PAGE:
Life of a Craphead: Life of a Craphead Colour: #4a4154

Other Colours Life of a Craphead: Life of a Craphead Colour: #4a4154


To create the Life of a Craphead Colour we have combined three key colours from the stories below and added a gloss on top.

1. During a magic show, when I was eight or nine years old, a white boy sitting next to me kept digging his fingernails into my arm, demanding, “Are you Chinese???” I didn’t know what to do so I kept answering, “Well... I may be...” while he stared me right in the face with his blue eyes.

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Cool Blue

2. A few years ago we lost our grey cat and I was putting up Missing Cat posters. My friendly white neighbour with long blonde hair joined me and joked that “it was probably eaten by Chinese people.” Incidentally, I’m Chinese, so I take her advice to have meant, not to worry, I probably just ate my own cat.

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Cream Gold

3. My white boss made an offhand comment about “killing off an entire race” at which I flinched. (She was explaining an idiom in her European language.) The next day I found a very big purple Lindt chocolate bar from her waiting for me at my desk. I thought it was a nice gift acknowledging my overtime hours on a recent major project, but it wasn’t. When I thanked her, she blushed and said, “I know sometimes I say offensive things.”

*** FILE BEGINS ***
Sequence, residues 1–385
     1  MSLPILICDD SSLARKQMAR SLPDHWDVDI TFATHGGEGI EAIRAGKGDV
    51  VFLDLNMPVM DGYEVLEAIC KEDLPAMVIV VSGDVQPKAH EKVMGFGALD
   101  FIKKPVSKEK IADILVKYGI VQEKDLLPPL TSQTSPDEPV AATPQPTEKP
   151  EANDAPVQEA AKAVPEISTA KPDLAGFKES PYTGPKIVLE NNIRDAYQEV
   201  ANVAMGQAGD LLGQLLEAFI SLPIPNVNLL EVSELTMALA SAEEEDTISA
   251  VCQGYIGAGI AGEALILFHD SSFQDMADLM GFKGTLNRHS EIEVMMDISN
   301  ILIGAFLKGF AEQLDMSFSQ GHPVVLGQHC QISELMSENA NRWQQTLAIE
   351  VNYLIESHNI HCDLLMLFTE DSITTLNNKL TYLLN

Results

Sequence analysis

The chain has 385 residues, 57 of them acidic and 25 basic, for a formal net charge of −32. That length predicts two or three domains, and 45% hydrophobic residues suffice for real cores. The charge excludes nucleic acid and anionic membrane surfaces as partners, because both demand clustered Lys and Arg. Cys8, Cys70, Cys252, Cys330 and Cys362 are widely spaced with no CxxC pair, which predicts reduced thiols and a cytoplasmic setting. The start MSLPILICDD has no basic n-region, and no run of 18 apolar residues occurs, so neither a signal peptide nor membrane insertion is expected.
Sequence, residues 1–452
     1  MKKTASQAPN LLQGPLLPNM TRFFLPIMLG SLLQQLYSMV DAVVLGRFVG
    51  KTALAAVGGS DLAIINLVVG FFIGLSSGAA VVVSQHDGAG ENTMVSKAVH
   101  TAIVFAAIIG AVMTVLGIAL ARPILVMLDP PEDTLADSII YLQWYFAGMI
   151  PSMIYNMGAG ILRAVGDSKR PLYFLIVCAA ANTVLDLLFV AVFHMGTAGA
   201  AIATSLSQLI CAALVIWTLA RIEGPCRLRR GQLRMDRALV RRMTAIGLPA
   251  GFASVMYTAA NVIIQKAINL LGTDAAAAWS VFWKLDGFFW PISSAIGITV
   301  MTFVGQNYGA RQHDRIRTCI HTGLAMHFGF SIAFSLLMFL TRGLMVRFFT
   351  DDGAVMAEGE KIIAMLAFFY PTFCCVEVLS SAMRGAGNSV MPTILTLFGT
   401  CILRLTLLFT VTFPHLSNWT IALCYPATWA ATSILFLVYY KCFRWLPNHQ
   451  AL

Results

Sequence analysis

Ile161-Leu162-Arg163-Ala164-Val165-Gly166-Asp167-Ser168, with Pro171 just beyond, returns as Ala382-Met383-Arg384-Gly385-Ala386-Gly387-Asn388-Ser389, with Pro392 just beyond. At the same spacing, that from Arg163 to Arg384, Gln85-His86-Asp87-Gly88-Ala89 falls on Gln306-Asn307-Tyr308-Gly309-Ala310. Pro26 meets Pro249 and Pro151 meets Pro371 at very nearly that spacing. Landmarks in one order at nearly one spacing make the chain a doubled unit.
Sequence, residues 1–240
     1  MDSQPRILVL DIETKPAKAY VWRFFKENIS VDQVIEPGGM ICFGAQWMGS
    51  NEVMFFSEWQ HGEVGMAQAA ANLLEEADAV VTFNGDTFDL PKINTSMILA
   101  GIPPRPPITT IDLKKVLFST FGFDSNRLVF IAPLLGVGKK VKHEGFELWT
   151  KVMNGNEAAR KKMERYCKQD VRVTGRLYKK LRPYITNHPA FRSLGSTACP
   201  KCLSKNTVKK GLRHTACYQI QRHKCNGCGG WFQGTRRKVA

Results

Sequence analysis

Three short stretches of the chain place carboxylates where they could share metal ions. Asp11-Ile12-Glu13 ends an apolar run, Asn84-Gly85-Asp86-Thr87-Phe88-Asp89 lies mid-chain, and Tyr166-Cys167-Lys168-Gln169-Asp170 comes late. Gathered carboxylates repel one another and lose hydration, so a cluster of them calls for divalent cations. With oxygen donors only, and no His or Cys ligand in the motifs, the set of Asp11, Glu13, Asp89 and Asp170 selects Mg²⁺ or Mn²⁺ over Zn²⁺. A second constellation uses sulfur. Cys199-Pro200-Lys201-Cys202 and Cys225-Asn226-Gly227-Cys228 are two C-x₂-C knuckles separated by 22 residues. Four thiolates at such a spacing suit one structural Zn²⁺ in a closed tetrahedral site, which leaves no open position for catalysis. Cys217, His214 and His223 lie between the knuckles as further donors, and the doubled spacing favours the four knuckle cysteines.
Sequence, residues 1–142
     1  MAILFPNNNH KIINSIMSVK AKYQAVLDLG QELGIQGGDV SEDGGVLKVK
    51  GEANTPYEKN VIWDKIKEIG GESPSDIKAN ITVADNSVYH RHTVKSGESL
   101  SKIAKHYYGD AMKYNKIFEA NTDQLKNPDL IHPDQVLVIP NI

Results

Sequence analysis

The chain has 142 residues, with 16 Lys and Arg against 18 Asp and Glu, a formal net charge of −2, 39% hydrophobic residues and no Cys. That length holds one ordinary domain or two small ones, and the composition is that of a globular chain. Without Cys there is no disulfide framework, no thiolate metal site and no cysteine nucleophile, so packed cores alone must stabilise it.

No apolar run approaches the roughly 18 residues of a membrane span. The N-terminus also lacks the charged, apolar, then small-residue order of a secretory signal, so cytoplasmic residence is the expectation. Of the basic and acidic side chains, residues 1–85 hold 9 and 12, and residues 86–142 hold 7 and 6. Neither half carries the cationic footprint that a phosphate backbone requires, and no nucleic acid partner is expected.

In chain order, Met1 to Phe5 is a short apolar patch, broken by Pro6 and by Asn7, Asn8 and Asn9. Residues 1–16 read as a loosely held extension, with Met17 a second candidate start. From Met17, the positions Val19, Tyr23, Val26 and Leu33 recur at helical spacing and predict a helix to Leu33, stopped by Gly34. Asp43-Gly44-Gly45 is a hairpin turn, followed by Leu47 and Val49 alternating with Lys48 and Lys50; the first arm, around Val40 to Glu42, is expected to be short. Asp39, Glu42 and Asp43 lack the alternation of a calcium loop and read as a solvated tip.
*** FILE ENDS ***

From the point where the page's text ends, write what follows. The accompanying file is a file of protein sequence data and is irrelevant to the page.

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Coral Blush

Other Colours

Other Colours was conceived in response to the Vancouver Heritage Foundation’s True Colours, a program that offers grants to incentivize homeowners to restore heritage homes to their ‘true’ Victorian, Edwardian and War Time era (1880–1930) colours, with paint swatches such as “Oxford Bluff” and “Edwardian Pewter”. Canada’s colonial history is a violent history that must be questioned, not ceremoniously replicated. The True Colours program has been deployed largely in support of the gentrification of inner city neighbourhoods, particularly those with a history of immigrant struggle where homes were painted colours that represented diverse cultural backgrounds and experiences of the city. 221A led a Research Initiative with 10 contributors who were asked to provide a swatch for an “Other Colours palette” that would offer alternatives to the True Colours program based on the contributors’ lived experience, cultural traditions and artistic practices. Each Other Colours palette selection is detailed by the contributor with an original text or artwork. This collection of short prose, poetry and social history, printed by Brick Press as an Artist’s Book, offers a more pluralistic account of the city’s built environment and identity.